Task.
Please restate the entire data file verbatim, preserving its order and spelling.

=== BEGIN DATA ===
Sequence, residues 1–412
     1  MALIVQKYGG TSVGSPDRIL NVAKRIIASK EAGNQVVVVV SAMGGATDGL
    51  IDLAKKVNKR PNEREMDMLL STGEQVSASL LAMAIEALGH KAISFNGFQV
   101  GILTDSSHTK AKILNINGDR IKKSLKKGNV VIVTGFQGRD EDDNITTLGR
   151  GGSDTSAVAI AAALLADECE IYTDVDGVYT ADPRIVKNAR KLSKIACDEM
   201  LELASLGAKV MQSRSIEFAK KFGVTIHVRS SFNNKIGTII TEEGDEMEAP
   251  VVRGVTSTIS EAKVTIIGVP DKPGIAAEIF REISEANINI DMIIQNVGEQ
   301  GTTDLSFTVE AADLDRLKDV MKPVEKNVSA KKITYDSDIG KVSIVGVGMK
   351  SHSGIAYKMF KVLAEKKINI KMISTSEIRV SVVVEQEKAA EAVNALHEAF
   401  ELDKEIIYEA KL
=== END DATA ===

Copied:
Sequence, residues 1–412
     1  MALIVQKYGG TSVGSPDRIL NVAKRIIASK EAGNQVVVVV SAMGGATDGL
    51  IDLAKKVNKR PNEREMDMLL STGEQVSASL LAMAIEALGH KAISFNGFQV
   101  GILTDSSHTK AKILNINGDR IKKSLKKGNV VIVTGFQGRD EDDNITTLGR
   151  GGSDTSAVAI AAALLADECE IYTDVDGVYT ADPRIVKNAR KLSKIACDEM
   201  LELASLGAKV MQSRSIEFAK KFGVTIHVRS SFNNKIGTII TEEGDEMEAP
   251  VVRGVTSTIS EAKVTIIGVP DKPGIAAEIF REISEANINI DMIIQNVGEQ
   301  GTTDLSFTVE AADLDRLKDV MKPVEKNVSA KKITYDSDIG KVSIVGVGMK
   351  SHSGIAYKMF KVLAEKKINI KMISTSEIRV SVVVEQEKAA EAVNALHEAF
   401  ELDKEIIYEA KL